Designing for emotions

27 July 2020

“Design is really an act of communication, which means having a deep understanding of the person with whom the designer is communicating.”– Donald A. Norman, The Design of Everyday Things

There is an old adage in the UX professionals’ world: “interaction with any product produces an experience (emotion) whether it had UX or not.”

Emotions actually change the way the human brain operates. Negative experiences focus the brain on what’s wrong; they narrow the thought process and make people anxious and tense. We don’t feel free and “in the flow.” We feel restricted and frustrated. Positive emotions have an opposite effect on the way we perceive the world around us. We feel confident, excited, and in control. So it is in the best interest of a designer to provoke positive emotions from the interaction with the product.

We live in a culture of delight, where everything revolves around joy. We are obsessed with keeping customers happy and creating joyful experiences for our users.

But users have a different perspective. They don’t notice well-designed flow, because it allows them to focus on the task they are doing. Only when the flow gets interrupted and users are forced to stop and think – is when the mental chatter starts. The broken flow causes them to notice the flaws and is one of the reasons why they feel negative emotions.

There are 6 basic emotions (fear, disgust, sadness, anger, happiness, and surprise), only 2 of them are positive. So maybe, instead of trying so hard to create a positive experience – we should think about how to create an experience that will not trigger negative emotions.

I have recently completed a UX course with the UX design institute. In the last year, I looked at quite a few airline websites as a part of the research for my final project. What I would like to share with you are some of my personal insights from competitor benchmarking and user testing.

We all know that airlines are not to be trusted. They try to trick us and implement all sorts of dark patterns and break usability rules. In my research tried to figure out when it is all going wrong and why we get so frustrated when booking flights online. 

Here are my top 5 observations of how the interface influences emotions on airline websites:

All this noise
We get overwhelmed by the amount of visual noise. It hits us as soon as we enter the website. It makes us feel alert, stressed, and lost. We don’t know where to start. It makes us think that the task we are here to complete is hard work.

  • Visual noise increases cognitive effort.
  • Poor visual hierarchy slows down our ability to scan the page and process it’s content. Our brain needs to do a lot of work. Everything competes for our attention.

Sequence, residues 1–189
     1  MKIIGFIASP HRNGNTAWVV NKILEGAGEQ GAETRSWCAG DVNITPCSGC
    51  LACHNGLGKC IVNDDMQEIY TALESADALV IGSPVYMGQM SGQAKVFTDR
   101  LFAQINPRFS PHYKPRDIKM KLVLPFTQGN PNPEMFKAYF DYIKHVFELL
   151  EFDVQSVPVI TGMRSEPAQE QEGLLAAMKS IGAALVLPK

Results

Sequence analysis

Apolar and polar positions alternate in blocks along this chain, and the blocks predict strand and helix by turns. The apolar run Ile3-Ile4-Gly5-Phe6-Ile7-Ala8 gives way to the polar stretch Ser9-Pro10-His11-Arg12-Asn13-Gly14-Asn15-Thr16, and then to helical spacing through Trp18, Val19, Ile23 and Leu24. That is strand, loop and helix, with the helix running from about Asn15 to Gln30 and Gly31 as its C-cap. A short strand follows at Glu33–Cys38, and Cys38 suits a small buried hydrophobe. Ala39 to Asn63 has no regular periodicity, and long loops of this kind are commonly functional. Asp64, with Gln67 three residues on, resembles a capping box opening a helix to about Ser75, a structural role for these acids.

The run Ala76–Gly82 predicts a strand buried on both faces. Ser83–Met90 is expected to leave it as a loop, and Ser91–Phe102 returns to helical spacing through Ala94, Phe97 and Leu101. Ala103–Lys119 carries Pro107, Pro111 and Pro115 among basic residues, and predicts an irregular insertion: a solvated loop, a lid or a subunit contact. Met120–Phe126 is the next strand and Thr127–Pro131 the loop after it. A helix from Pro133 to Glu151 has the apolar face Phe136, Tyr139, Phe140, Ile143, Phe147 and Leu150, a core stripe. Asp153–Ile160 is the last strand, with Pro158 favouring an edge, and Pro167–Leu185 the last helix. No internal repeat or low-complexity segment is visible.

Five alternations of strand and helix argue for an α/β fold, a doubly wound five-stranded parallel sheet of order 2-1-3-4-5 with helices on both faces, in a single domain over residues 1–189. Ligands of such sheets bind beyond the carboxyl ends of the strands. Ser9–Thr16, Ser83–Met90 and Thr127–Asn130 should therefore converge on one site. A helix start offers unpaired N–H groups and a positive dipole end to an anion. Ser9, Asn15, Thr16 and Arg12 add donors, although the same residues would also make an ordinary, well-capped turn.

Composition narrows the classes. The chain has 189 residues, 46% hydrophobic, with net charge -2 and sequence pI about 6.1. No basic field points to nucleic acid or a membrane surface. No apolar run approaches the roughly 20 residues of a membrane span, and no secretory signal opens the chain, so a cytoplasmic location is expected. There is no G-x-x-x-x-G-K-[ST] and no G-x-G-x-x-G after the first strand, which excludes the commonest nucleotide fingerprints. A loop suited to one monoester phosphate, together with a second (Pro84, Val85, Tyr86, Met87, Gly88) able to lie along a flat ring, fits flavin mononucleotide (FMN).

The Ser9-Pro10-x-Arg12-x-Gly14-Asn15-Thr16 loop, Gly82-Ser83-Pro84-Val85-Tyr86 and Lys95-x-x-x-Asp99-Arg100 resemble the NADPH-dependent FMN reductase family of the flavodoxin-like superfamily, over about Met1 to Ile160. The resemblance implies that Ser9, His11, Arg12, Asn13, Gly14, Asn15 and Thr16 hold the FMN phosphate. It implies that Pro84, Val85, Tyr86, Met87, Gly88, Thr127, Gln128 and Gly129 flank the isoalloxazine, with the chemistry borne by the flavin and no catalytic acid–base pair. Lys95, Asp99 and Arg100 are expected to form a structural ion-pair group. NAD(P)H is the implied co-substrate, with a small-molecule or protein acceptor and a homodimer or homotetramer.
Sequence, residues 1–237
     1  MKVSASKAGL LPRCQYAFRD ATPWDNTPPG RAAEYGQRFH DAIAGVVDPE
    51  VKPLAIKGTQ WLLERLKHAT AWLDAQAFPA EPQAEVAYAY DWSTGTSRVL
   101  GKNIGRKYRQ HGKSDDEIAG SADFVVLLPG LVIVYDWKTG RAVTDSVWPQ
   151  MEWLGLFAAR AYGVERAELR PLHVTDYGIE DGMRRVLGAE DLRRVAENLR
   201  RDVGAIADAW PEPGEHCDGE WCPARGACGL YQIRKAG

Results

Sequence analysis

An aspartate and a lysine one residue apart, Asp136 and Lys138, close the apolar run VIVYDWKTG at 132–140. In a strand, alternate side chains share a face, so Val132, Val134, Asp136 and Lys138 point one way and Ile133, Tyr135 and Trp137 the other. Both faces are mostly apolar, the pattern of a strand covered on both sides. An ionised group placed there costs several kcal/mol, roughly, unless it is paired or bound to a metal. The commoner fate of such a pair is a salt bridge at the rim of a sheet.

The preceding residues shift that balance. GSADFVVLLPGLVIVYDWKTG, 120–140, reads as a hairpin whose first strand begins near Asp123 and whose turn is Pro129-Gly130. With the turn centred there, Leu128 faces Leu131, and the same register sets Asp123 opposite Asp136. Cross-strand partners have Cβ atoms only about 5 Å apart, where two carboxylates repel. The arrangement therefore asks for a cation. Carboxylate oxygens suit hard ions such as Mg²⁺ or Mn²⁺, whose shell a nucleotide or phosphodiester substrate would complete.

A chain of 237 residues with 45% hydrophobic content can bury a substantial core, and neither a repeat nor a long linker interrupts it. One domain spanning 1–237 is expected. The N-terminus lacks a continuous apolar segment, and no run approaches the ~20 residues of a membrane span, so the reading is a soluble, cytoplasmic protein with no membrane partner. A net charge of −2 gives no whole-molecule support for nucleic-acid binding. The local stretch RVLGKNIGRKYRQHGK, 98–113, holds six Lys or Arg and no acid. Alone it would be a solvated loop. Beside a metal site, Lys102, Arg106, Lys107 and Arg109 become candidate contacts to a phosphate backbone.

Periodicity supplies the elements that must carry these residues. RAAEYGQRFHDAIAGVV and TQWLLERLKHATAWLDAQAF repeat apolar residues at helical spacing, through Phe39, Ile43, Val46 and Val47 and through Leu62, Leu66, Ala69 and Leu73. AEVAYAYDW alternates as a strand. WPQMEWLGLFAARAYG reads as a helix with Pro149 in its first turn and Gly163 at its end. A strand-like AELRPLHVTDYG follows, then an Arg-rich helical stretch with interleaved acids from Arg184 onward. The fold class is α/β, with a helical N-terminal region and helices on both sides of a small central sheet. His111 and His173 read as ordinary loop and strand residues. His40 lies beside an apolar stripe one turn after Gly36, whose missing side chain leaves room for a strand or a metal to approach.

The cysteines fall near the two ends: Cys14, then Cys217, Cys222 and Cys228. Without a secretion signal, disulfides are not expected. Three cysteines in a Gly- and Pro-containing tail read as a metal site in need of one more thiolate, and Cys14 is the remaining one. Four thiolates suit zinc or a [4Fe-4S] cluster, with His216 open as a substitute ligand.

• We don’t know where to start. There is no clear direction.

Let me be in control
Not being in control is frustrating. People who are (or feel that they are) in control feel smarter and tend to experience less stress, which makes them feel happier. And happier people are more likely to have a pleasant experience and return to your site.

  • Can’t skip steps easily. We are misguided – View all cars’ looks like the main CTA on the page and ‘Skip steps’ isn’t very obvious.
  • Irrelevant offers of car hire, hotel, insurance.
  • The absence of a progress bar or a stepper makes us feel lost.

Don’t make me think

Whenever we open a web page we want to know immediately – what it is for and what to do next. The mental chatter starts every time we stop and think. It adds to our cognitive workload. We are not here to solve puzzles, we need to complete a task.

  • Lack of conventions. How do I pay? We are used to a big button that says pay and how much to pay. And we want to find it easily.
  • Where is the CTA? What do I do now? After I selected my flights and was ready to pay, it took me a while before I figured out how to do it.
  • Navigation isn’t clear and consistent. It is duplicated on the right, and I still can’t see what I came here for – an option to pay for my flights.

Don’t waste my time

We go online to save time, we are on a mission, and don’t like to be interrupted. We choose the first reasonable option and skip non-essential steps. It makes us really angry if the software doesn’t understand or care that we are in a hurry.

How is our time wasted?

  • Making users look for essential information like price and baggage allowance.
  • Interrupting flow by adding unnecessary steps. For example, forced registration. The unnecessary information obscures the useful stuff. 
  • Lack of constraints. It forces users to make mistakes, which slows them down.

Let me trust you

One of the main issues that users have with airline sites is the lack of trust. Airlines use dark patterns to manipulate our decisions. And we know it. We go to incognito mode to check the price, so it doesn’t change when we come back to book it. We book flights on different websites because we know that a return flight will be more expensive.

  • A sense of urgency forces us to make decisions quickly without proper consideration. The last seat on this flight left for example.
  • Increased flight price when you come back to book the next day.
  • Tricks to get you to pay extra (for a seat).

Usually, the main CTA buttons are yellow, so we know to press it to continue, to book, or to skip. Sometimes the colour of the buttons is flipped to manipulate us into paying extra for the seat. We will simply click the yellow button because we are used to clicking it by the time we get to this page. 

In my opinion the ideal strategy is honesty, we should create content that provides value to users and then ask for a favor in return.
Here is an example of the interface done wrong, so if you are not convinced by my insights follow this link ( and experience it for yourself.

Here is my full presentation, which I made using Readymag: